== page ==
Commenced in January 2007
Frequency: Monthly
Edition: International
Paper Count: 3

β-carotene Related Abstracts

3 Ultrasound-Assisted Extraction of Carotenoids from Tangerine Peel Using Ostrich Oil as a Green Solvent and Optimization of the Process by Response Surface Methodology

Authors: Fariba Tadayon, Nika Gharahgolooyan, Ateke Tadayon, Mostafa Jafarian

Abstract:

Carotenoid pigments are a various group of lipophilic compounds that generate the yellow to red colors of many plants, foods and flowers. A well-known type of carotenoids which is pro-vitamin A is β-carotene. Due to the color of citrus fruit’s peel, the peel can be a good source of different carotenoids. Ostrich oil is one of the most valuable foundations in many branches of industry, medicine, cosmetics and nutrition. The animal-based ostrich oil could be considered as an alternative and green solvent. Following this study, wastes of citrus peel will recycle by a simple method and extracted carotenoids can increase properties of ostrich oil. In this work, a simple and efficient method for extraction of carotenoids from tangerine peel was designed. Ultrasound-assisted extraction (UAE) showed significant effect on the extraction rate by increasing the mass transfer rate. Ostrich oil can be used as a green solvent in many studies to eliminate petroleum-based solvents. Since tangerine peel is a complex source of different carotenoids separation and determination was performed by high-performance liquid chromatography (HPLC). In addition, the ability of ostrich oil and sunflower oil in carotenoid extraction from tangerine peel and carrot was compared. The highest yield of β-carotene extracted from tangerine peel using sunflower oil and ostrich oil were 75.741 and 88.110 (mg/L), respectively. Optimization of the process was achieved by response surface methodology (RSM) and the optimal extraction conditions were tangerine peel powder particle size of 0.180 mm, ultrasonic intensity of 19 W/cm2 and sonication time of 30 minutes.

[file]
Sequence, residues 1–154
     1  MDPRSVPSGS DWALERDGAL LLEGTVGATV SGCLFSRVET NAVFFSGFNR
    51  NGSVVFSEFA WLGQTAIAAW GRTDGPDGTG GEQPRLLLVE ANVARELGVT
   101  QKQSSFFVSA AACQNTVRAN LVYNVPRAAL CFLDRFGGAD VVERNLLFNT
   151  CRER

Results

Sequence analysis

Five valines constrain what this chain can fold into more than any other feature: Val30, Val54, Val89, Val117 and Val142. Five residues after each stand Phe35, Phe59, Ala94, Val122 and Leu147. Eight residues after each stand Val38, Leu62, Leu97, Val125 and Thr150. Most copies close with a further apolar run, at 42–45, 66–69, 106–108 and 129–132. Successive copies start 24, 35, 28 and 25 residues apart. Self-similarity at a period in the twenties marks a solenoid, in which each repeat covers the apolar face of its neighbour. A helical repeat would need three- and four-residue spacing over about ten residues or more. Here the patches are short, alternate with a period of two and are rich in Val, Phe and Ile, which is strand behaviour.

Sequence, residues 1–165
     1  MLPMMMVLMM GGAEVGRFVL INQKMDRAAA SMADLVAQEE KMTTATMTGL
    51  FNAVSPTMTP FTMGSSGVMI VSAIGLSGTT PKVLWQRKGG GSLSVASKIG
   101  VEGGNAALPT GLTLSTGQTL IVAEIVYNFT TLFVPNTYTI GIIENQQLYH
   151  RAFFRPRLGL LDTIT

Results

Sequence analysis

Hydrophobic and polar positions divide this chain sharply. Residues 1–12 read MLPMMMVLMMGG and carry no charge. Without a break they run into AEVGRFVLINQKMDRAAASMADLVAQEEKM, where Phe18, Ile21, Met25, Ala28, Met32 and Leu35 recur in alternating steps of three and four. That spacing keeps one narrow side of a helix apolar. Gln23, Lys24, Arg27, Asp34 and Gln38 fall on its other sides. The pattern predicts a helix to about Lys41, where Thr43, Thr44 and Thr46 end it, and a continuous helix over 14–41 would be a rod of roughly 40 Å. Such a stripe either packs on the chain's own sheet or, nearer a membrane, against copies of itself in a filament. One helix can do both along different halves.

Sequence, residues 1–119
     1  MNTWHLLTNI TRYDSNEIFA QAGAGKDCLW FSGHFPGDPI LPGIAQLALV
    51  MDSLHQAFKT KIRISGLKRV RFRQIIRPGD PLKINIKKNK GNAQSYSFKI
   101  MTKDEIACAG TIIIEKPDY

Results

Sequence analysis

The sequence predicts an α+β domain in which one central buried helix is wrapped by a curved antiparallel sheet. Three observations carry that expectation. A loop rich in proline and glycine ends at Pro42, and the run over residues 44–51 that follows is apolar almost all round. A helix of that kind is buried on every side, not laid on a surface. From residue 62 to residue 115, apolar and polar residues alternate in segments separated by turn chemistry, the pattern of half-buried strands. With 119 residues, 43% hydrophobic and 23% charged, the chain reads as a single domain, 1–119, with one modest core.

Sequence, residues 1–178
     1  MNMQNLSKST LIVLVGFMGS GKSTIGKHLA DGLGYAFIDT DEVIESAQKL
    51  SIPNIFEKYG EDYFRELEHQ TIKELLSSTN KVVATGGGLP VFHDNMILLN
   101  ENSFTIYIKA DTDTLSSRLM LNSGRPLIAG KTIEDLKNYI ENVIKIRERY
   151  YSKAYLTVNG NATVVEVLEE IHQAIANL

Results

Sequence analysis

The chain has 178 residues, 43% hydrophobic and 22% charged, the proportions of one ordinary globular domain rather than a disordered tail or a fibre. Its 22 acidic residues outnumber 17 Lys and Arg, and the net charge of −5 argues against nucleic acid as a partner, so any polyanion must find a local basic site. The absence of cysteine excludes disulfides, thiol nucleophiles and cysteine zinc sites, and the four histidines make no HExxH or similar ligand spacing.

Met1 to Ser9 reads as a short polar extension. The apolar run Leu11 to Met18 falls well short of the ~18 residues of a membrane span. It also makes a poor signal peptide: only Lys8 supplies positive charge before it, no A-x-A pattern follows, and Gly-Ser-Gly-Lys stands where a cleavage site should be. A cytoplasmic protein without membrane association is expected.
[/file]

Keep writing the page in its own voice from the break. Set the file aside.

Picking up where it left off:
Keywords: Carotenoids, response surface methodology, β-carotene, citrus peel, ostrich oil, ultrasound-assisted extraction

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2 Optimization of Microencapsulation of β-Carotene by Complex Coacervation Technique Using Casein and Gum Tragacanth

Authors: Gargi Ghoshal, Ashay Jain

Abstract:

Microencapsulation of β-carotene was optimized by complex coacervation technique using casein/gum tragacanth (CAS/GT) coating as a function of pH, initial protein to polysaccharide mixing ratio (Pr:Ps), total biopolymer concentration, core material load, zeta potential, and ionic strength. This study was aimed to understand the influence of experimental parameters on the coacervation kinetics, the coacervate yield, and entrapment efficiency. At a Pr:Ps = 2:1, an optimum pH of complex coacervation was found 4.35, at which the intensity of electrostatic interaction was maximum. At these ratios of coating, the phase separation occurred the fastest and the final coacervate yield and entrapment efficiency was the highest. Varying the Pr: Ps shifted the value of optimum pH. This incident was due to the level of charge compensation of the CAS/GT complexes. Finally, electrostatic interaction and formation of coacervates between CAS and GT were confirmed by Fourier transform infra-red (FTIR) spectra. The size and surface properties of coacervates were studied using scanning electron microscopy (SEM). The resultant formulation (β-carotene loaded microcapsules) was evaluated for in vitro release study and antioxidant activity. Stability of encapsulated β-carotene was also evaluated under three levels of temperature (5, 25 and 40 °C) for 3 months. Encapsulation strongly increased the stability of micronutrients. Our results advocate potential of microcapsules as a novel carrier for the safeguard and sustained release of micronutrient.